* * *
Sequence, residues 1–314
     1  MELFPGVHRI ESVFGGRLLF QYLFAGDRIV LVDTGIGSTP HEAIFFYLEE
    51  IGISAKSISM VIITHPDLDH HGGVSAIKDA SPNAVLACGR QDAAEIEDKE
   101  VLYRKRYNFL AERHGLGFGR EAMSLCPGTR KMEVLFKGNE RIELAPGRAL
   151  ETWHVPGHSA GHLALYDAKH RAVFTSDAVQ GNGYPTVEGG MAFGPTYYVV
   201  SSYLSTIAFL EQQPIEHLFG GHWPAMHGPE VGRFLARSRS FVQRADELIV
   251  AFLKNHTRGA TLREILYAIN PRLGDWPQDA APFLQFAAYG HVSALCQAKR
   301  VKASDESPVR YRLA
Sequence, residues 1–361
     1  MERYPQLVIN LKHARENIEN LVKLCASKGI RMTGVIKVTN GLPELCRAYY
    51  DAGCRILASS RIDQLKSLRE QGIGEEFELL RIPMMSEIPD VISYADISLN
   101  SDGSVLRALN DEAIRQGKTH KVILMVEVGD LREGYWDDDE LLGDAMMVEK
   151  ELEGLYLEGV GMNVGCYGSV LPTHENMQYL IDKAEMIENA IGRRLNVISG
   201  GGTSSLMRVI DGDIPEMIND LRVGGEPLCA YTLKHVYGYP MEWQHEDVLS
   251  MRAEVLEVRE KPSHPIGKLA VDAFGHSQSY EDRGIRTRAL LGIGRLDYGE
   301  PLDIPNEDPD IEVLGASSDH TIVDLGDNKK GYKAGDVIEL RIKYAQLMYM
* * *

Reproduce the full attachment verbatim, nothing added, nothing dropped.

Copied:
Sequence, residues 1–314
     1  MELFPGVHRI ESVFGGRLLF QYLFAGDRIV LVDTGIGSTP HEAIFFYLEE
    51  IGISAKSISM VIITHPDLDH HGGVSAIKDA SPNAVLACGR QDAAEIEDKE
   101  VLYRKRYNFL AERHGLGFGR EAMSLCPGTR KMEVLFKGNE RIELAPGRAL
   151  ETWHVPGHSA GHLALYDAKH RAVFTSDAVQ GNGYPTVEGG MAFGPTYYVV
   201  SSYLSTIAFL EQQPIEHLFG GHWPAMHGPE VGRFLARSRS FVQRADELIV
   251  AFLKNHTRGA TLREILYAIN PRLGDWPQDA APFLQFAAYG HVSALCQAKR
   301  VKASDESPVR YRLA
Sequence, residues 1–361
     1  MERYPQLVIN LKHARENIEN LVKLCASKGI RMTGVIKVTN GLPELCRAYY
    51  DAGCRILASS RIDQLKSLRE QGIGEEFELL RIPMMSEIPD VISYADISLN
   101  SDGSVLRALN DEAIRQGKTH KVILMVEVGD LREGYWDDDE LLGDAMMVEK
   151  ELEGLYLEGV GMNVGCYGSV LPTHENMQYL IDKAEMIENA IGRRLNVISG
   201  GGTSSLMRVI DGDIPEMIND LRVGGEPLCA YTLKHVYGYP MEWQHEDVLS
   251  MRAEVLEVRE KPSHPIGKLA VDAFGHSQSY EDRGIRTRAL LGIGRLDYGE
   301  PLDIPNEDPD IEVLGASSDH TIVDLGDNKK GYKAGDVIEL RIKYAQLMYM